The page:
Following public pressure, Pro Juventute dissolved the foundation in the spring of 1973. Remaining guardianships were abolished or transferred to other individuals. The Swiss authorities, who had co-initiated the project 37 years prior, were compelled to provide financial compensation ranging from 2,000 to 7,000 Swiss francs per victim due to public outrage. However, no legal prosecution was carried out against those responsible for the project, including Alfred Siegfried (1890–1972), Clara Reust (1916–2000), and the authorities responsible for overseeing the guardianship system.
In 1975, the Yenish people were officially recognized as an independent ethnic group in the Canton of Bern. Since the 1980s, self-help organizations have worked towards redressing and rehabilitating the victims who suffered from the slanderous treatment, which was justified by pseudo-scientific programs.
Forced transfer of children from one national, ethnic, racial, or religious group to another group with the intent to destroy, in whole or in part, is considered genocide according to the UN Genocide Convention of 1948. Swiss criminal law, in Article 264 of the Swiss Penal Code, similarly criminalizes acts targeting individuals based on their nationality, race, religion, or ethnicity. Recent scientific research supports the notion that the Yenish people can be classified as one of the groups protected under the convention and Swiss law. This topic requires further public discussion, particularly in relation to child labor in Switzerland.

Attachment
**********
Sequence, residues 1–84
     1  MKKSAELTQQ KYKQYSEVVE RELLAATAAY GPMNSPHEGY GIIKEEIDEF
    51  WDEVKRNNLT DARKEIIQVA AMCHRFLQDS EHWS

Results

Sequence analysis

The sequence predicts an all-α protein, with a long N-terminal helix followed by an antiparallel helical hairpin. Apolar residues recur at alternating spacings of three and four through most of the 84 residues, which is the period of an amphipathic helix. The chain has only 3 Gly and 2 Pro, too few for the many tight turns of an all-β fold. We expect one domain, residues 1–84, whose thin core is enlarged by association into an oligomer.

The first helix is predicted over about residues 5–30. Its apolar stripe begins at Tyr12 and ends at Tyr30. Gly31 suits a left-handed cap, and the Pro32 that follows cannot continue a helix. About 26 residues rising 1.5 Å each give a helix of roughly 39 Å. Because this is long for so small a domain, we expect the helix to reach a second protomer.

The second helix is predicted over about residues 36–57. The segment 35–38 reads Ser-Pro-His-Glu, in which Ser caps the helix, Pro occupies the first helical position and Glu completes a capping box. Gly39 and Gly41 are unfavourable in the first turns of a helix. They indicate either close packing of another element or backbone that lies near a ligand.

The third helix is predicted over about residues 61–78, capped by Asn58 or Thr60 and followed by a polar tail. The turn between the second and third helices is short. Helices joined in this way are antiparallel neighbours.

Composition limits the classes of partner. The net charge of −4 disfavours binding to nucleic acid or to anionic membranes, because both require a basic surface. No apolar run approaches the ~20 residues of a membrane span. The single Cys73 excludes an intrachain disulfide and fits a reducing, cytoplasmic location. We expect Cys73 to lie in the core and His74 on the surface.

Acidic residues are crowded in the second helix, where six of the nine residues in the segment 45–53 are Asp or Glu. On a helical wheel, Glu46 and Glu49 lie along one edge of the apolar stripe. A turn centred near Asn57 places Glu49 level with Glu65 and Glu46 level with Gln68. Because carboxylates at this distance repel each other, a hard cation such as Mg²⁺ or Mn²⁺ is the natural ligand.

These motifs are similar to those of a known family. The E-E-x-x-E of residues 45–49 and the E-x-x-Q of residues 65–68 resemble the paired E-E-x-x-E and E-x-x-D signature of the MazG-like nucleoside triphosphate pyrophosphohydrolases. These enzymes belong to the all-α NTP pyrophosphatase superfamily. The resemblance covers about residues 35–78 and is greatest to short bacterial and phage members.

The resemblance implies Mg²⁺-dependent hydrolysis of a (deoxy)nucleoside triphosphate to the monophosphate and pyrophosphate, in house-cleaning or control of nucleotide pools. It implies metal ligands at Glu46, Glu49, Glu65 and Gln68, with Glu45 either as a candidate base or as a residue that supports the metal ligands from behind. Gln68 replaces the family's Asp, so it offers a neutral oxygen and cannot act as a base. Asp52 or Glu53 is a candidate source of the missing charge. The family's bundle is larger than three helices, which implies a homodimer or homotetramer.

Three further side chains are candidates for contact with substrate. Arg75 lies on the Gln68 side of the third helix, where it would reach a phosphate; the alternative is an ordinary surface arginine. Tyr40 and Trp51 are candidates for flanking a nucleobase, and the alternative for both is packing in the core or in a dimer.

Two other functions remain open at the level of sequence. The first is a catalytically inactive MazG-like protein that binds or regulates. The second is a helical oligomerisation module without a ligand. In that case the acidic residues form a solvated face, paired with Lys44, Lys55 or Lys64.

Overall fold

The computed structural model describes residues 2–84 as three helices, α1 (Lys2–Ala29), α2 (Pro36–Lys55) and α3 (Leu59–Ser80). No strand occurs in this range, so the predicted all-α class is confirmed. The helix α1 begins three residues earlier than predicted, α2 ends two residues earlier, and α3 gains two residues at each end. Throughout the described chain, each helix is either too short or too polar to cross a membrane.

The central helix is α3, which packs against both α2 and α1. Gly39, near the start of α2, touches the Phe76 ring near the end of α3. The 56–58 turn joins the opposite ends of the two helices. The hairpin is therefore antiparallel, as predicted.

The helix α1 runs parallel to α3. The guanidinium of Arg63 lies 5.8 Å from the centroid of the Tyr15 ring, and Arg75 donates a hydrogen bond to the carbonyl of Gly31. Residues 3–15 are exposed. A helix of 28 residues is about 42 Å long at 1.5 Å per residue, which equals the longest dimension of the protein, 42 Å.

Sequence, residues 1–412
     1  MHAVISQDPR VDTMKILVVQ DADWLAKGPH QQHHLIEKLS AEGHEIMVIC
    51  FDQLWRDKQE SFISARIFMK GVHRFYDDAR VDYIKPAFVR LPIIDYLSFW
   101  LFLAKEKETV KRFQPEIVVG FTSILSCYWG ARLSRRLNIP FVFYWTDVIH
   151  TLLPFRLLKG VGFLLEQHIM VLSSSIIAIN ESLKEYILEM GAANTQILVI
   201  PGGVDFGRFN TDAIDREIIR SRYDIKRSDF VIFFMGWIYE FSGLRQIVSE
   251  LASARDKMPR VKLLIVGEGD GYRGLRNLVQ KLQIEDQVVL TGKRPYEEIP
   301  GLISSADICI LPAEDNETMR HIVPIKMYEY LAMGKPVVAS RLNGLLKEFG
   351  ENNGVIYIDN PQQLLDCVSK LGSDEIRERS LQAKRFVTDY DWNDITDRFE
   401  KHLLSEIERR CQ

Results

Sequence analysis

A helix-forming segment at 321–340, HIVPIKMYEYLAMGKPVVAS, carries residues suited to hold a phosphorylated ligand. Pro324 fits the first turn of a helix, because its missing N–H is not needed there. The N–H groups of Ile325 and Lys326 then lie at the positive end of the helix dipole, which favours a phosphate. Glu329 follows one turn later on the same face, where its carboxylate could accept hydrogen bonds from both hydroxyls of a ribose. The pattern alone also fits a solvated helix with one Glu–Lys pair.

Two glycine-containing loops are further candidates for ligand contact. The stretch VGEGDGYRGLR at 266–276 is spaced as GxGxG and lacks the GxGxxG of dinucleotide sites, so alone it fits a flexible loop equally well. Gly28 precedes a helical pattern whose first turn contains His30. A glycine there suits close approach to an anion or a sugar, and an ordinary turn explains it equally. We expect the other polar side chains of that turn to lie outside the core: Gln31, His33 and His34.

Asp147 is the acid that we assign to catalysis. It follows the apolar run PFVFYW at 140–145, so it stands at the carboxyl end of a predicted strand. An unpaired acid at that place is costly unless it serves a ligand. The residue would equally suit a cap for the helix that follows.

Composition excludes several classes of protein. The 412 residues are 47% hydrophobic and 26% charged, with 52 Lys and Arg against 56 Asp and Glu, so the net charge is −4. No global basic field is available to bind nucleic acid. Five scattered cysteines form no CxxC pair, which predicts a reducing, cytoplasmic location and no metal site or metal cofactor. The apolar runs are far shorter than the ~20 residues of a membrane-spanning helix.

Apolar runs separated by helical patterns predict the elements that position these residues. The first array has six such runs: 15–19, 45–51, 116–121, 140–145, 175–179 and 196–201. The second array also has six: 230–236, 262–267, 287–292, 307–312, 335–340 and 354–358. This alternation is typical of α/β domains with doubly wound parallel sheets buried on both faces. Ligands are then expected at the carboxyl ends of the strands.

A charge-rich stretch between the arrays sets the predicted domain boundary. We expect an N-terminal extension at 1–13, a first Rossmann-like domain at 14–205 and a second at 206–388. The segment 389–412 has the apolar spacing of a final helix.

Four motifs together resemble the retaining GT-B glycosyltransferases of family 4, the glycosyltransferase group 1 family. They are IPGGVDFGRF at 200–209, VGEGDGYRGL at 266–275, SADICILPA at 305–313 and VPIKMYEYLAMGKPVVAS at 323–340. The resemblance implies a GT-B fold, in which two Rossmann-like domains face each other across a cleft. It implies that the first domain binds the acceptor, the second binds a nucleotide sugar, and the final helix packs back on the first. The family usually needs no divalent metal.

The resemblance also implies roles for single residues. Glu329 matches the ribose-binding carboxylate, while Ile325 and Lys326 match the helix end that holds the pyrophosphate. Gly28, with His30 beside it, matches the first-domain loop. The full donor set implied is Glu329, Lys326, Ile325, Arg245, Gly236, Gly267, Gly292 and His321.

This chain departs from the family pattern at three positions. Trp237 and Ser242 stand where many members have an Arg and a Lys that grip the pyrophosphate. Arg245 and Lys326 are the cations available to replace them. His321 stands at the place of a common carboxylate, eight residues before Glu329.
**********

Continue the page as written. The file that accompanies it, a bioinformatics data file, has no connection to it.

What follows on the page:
Despite promises of government redress and proper rehabilitation, including an apology from the Federal Council (Bundesrat), such measures have not been implemented to date. Only "emergency" payments at minimal levels, ranging from several thousand Swiss francs, have been made to the surviving victims of Kinder der Landstrasse.
The foundation Naschet Jenische (literally: Arise, Yenish!) was established in 1986 to address the injustice perpetrated against the Yenish (Fahrende) people in Switzerland, specifically related to the Kinder der Landstrasse program. In 1988, a fund commission was established to oversee the examination of the affected Yenish people's cases, completing its work in 1992. The Swiss Federal Archives now directly govern the inspection of Pro Juventute's records. The affected Yenish individuals received a total of 11 million Swiss francs, with each victim receiving no more than 20,000 Swiss francs. The foundation's main focus is to provide advice and support to the affected individuals and families. It assists Yenish people with personal, family, and social issues, particularly in their interactions with Swiss authorities. The foundation also facilitates the examination of personal files and supports the search and reunification of families. Additionally, it aids Yenish individuals in applying for financial assistance from public and private institutions, as well as offers guidance in dealing with insurance and tax issues. Pro Juventute finances the foundation's advisory activities. Public awareness and education about the history and current situation of the Yenish people in Switzerland are also important aspects of the foundation's work.
In 2014, the Swiss national Wiedergutmachungsinitiative (reparation initiative) tangentially addressed the fate of the so-called Verdingkinder (forced child laborers), another integration project involving displaced individuals who were placed as cheap labor on Swiss farms. Some Yenish juveniles affected by Kinder der Landstrasse were among them, but the focus of the initiative did not extend to their families.
The project sparked intense discussions and widespread condemnation in Switzerland, leading to its examination in numerous books and films.